Skytopia > Projects > Technology/science articles > The Top 20 Applications for an Infinite Fast Computer (article first created on 5th July 2009).

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The Top 20 Applications for an...


6: Models for a universal theory of nature



Courtesy of NASA. Unraveling the secrets of dark matter/energy may be the missing key we need to form a grand unified theory of everything. Alternatively, they may help us to achieve tastier ice cream.
Although one of the problems in finding a "Grand Theory of Everything" is the lack of data (e.g. we don't know certain things that happen at subatomic scales), the other large obstacle is in finding the perfect set of equations to match all known data. Distributed projects such as Cosmology@Home may find some answers, but using a Brute Force search along with an infinitely fast computer bypasses the second problem by enumerating all possible theories, and filtering them down to the most elegant (shortest?) ones. It's not guaranteed we'd find the universal theory, since a never-ending series of approximations may be required (each converging to the 'truth' but never quite reaching it). But if nothing else, one can see how many possible competing theories could exist!

Finding something resembling a Theory Of Everything would probably allow many advances in engineering just as the discovery of relativity led to better materials, fission and GPS, or how the discovery of quantum mechanics led to the laser and microchip. We could then see the limits to space travel and know for sure if faster-than-light travel (through wormholes etc.) is attainable. The big question about exactly how the universe began (and even what came before that) can be answered once and for all.



5 : Graphics (end user)


Created by Gilles Tran. It'll be a while before we start seeing this kind of quality in video games. For the classic example of global illumination in action, see the stunning video by Henrik Wann Jensen.

For video games, much discussion has taken place over the potential of using raytracing over traditional rasterization. The former of course can look better and eventually ease graphics development, but rasterization is a mature field (including all of its tricks and hacks), and it does allow faster speeds if the polygon count is relatively low. Processors will need to progress further before raytracing will become viable.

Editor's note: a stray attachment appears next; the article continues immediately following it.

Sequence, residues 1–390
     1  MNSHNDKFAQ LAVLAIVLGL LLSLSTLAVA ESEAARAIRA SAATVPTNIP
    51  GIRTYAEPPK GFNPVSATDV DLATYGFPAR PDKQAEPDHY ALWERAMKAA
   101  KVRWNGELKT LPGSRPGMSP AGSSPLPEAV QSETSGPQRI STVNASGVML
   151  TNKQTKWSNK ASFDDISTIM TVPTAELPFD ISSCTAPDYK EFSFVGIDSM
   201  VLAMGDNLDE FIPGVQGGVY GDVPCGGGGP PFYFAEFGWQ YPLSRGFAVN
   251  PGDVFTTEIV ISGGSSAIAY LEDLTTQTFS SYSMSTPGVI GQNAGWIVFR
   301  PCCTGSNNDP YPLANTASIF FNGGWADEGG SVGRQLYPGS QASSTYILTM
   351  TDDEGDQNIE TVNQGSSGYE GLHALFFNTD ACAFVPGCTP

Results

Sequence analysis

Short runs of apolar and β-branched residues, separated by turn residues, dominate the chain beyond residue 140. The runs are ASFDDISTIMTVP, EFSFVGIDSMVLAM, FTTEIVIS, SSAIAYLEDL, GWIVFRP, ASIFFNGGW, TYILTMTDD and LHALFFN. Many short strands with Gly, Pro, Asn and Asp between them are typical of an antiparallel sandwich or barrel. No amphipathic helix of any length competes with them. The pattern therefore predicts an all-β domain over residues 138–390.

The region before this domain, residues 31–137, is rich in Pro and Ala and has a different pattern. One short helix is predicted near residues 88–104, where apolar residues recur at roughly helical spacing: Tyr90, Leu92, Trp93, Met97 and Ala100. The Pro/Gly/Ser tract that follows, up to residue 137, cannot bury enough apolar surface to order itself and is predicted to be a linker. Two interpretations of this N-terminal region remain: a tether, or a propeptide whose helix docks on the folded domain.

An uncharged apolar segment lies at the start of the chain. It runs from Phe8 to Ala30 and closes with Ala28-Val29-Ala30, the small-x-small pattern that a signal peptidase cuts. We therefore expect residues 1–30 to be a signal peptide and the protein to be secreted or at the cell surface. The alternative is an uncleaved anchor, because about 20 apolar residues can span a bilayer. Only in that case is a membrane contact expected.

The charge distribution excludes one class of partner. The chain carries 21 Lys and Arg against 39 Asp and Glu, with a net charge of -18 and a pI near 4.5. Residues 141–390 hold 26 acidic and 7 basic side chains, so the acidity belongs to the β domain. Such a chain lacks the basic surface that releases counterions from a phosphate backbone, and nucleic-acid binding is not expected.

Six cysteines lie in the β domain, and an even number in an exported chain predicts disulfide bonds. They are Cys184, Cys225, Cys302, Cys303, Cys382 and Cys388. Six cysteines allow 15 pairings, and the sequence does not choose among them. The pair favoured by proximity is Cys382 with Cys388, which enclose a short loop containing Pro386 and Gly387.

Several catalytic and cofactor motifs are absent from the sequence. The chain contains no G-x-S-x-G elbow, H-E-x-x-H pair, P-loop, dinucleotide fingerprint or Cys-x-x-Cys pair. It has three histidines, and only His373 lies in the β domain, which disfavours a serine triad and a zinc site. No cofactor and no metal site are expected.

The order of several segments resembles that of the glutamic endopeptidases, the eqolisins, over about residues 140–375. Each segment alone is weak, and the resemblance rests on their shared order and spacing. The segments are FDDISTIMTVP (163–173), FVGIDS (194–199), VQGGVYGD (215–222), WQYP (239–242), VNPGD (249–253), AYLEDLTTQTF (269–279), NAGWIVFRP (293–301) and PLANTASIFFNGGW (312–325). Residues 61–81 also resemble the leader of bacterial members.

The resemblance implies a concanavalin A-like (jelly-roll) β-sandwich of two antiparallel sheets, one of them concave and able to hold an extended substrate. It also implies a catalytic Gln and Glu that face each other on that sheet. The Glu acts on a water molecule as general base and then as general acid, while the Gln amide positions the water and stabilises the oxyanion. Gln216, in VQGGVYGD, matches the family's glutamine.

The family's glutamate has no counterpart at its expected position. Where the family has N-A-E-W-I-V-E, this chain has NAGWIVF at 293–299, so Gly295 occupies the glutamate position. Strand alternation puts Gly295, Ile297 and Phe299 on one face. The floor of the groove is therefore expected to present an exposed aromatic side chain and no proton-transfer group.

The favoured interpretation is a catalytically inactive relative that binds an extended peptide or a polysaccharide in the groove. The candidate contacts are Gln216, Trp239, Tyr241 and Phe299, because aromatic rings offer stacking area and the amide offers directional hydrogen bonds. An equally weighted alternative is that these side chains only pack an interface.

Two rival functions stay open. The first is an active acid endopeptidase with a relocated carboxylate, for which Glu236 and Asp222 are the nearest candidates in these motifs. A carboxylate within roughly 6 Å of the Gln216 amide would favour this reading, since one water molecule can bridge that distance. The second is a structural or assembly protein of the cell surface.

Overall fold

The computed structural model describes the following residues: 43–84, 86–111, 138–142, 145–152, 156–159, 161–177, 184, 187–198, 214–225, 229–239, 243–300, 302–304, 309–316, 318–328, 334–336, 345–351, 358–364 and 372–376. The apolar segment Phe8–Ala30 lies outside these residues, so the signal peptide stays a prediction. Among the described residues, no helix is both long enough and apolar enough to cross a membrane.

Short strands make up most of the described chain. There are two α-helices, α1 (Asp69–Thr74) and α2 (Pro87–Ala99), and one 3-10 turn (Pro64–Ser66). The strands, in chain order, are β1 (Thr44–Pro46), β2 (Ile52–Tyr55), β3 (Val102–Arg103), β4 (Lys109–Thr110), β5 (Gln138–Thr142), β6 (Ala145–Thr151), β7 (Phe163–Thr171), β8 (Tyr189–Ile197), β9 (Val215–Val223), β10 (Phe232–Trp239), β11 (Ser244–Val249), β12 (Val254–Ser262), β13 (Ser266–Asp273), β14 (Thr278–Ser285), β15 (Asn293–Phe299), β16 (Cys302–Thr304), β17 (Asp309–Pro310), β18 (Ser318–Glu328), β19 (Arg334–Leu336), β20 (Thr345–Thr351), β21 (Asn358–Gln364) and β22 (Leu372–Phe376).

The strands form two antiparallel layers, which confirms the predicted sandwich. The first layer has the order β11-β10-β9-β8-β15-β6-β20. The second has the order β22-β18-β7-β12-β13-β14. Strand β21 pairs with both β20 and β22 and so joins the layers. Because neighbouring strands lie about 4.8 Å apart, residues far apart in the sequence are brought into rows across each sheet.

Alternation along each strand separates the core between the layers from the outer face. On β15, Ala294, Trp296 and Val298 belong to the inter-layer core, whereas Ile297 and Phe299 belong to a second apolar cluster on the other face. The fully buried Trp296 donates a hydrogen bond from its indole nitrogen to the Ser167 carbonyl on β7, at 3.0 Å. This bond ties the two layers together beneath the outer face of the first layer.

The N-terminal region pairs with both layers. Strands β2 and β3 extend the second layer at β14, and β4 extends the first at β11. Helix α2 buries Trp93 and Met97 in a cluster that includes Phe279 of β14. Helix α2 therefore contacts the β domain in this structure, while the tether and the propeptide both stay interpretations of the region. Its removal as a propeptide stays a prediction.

But the type of raytracing that's being discussed is a far cry from what will eventually happen. A concept so grand that it will change the face of 3D gaming forever...

Global Illumination.

In comparison to games with global illumination, 3D worlds with only direct illumination look crude and unconvincing. Objects appear 'cookie-cutter' like and don't gel with the overall 3D landscape. Thanks to the kludge of ambient lighting, shadows often look flat, since they have no indirect lighting from other objects. Colours don't bleed between objects, again making them look out of place from the world they attempt to reside in.

In a globally illuminated world, every object is its own 'light source'. There's no need to use fake ambient lighting or needlessly use multiple light sources to compensate. Features such as soft shadows, caustics, and specular reflection are bonuses that will come as standard with GI, which also help to provide nicer shadows, spectacular water, glass, and translucency/crystal effects. But perhaps it's the overall indirect lighting between objects which will most transform the look of games.

Developers can also go overboard with sub pixel sampling, sub-surface scattering (for more realistic and glowy materials), properly curved surfaces (as well as polygons), atmospheric effects such as volumetric lighting, and utilize trillions or more polygons/B-Splines in realtime. All video can be made super-smooth too (500 frames per second - approaching the limit of perception).

In reality, the state of the art is not quite there. Toy Story 2 took from 2 to 20 hours per frame or five hours to render each frame on average. To render in real-time for a video game (say 60 FPS), you would need a processor that was just over 1,000,000 times faster than what we have today). And that's mostly using Reyes rendering (which incorporates mostly rasterization techniques with only minimal ray tracing).

The good news is that we probably won't have to wait forever for some of this. Raytracing and even global illumination is slow, but it's not exponentially slow. Technology is slowly beginning to produce ray-traced graphics in realtime. Next stop, path-tracing please.




Created by Patrick J. Lynch (CC-BY 2.5).
Less brain power will be required when coding in ultra-high level languages, and hence we can get away with writing more sloppy readable code. As a side effect, we can emulate the brain itself, and get that to do the sloppy tedious code writing for us.